Rooftop solar on its own is already affordable enough to be a smart choice for virtually any Australian home with an unshaded roof and some daytime electricity usage. This is true even in the absence of generous, state-backed solar feed-in tariffs and the (slight) reduction of the up-front incentive for solar available through the federal Renewable Energy Target. In fact, Aussie homes have been installing solar at a steady pace long after the most generous incentive programs were closed to new applicants.

The key to getting the most out of a solar PV system these days is to use as much of the energy as possible directly, within the home (‘solar self-consumption‘). Self-consuming solar energy helps the home to avoid purchasing energy from the grid, thereby saving between about $0.20-$0.30 per kilowatt-hour (kWh) depending on where they live and their electricity retailer. Contrast this to the $0.06-$0.08/kWh generally offered for solar export these days. There’s no incentive to put solar into the grid.

Solar system installation prices have been steady for the past year – we know because we keep track of them in our monthly PV Price Index articles. No sudden reductions (or increases) are likely to be on the horizon; the market has stabilised after the initial turmoil of its first few years.

A look at solar payback periods in each capital city

Generally speaking, it’s important for homes to choose a solar system sized appropriately for their situation – meaning that they can use at least half the energy that it produces directly. However, if they can use even more (e.g. 70%), then the business case gets even better. According to our data, payback times for 3kW solar systems in most Australian cities are all easily under 7 years; in Adelaide, Brisbane, Perth and Sydney they’re easily under five years, as per the table below.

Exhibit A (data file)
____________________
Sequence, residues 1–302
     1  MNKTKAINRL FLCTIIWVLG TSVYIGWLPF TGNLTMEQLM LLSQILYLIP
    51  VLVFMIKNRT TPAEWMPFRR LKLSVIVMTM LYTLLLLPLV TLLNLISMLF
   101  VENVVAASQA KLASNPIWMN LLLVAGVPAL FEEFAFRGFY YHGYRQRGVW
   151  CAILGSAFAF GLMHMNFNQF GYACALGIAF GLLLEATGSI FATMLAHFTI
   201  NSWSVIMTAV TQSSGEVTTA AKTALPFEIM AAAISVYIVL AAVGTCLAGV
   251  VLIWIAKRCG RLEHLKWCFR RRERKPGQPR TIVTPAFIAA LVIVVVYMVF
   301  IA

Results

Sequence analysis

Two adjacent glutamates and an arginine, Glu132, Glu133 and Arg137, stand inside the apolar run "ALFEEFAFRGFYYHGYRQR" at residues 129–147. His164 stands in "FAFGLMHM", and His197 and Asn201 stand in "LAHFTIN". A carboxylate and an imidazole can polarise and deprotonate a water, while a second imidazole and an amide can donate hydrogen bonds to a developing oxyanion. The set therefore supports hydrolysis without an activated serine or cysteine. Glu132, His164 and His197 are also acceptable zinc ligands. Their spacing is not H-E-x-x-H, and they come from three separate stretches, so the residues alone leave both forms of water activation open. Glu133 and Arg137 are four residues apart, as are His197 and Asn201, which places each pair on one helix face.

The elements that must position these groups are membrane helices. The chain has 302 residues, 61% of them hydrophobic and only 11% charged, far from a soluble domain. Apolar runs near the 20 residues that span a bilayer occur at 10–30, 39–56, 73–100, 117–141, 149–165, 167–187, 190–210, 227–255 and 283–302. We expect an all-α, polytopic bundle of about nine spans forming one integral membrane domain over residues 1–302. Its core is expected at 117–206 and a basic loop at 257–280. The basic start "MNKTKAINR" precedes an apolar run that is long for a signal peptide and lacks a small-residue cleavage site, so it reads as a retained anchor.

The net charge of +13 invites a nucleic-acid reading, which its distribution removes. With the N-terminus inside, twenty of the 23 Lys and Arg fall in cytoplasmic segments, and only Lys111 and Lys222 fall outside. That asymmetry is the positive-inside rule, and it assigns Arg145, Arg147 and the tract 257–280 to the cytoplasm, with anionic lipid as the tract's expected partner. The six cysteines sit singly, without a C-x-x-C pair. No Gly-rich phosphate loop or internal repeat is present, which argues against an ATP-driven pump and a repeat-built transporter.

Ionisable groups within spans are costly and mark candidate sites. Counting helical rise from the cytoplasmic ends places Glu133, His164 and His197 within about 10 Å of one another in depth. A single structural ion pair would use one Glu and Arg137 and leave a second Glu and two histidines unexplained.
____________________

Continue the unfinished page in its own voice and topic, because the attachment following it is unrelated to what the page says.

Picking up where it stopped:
Note that the table below uses average system prices to be conservative. Solar system owners may see even shorter paybacks if they find systems for less without compromising quality.

Table: 3kW solar PV system payback times by capital city*

  Approx average 3kW system price (Feb 2017) Electricity consumption charge ($/kWh incl GST)** Average kWh usage per day** Simple payback period with 50% self-consumption (years) Simple payback period with 70% self-consumption (years)
Adelaide $5,000 $0.34 17 4.3 3.4
Brisbane $4,000 $0.26 15 4.3 3.5
Canberra $5,900 $0.18 26 7.9 6.8
Darwin $8,600 $0.26 25 8.2 6.7
Hobart $5,600 $0.26 27 7.2 5.9
Melbourne $4,500 $0.18 25 7.0 6.0
Perth $4,000 $0.35 20 3.2 2.5
Sydney $4,400 $0.24 19 5.3 4.4

*All scenarios assume a solar feed-in rate of $0.08/kWh.

**Based on figures from government websites such as EnergyMadeEasy where available.

Conclusion: Is solar PV still worth it in 2017? Yes

In 2017, solar power systems are affordable – especially in Australia’s most populous capital cities. Solar feed-in rates may be low, but as long as you either a) size your system to meet your daytime electricity demand or b) make efforts to shift more of your electricity consumption to daylight hours (e.g. through an EMS or hot water diverter), there is a clear case for having solar panels installed.

In places where low system installation prices collide with high electricity prices, solar makes spectacularly good sense without much effort. But even in cities with higher average system prices put payback periods over 7 years in our examples, it doesn’t take much to improve the financial case. We recommend shopping around for the best deal possible and ensure that you can use the solar energy that your system will produce.

Explore solar PV system payback times for your home with our Solar PV System Payback Estimator Tool

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Get a free comparison of quotes from solar & battery providers in your area

© 2017 Solar Choice Pty Ltd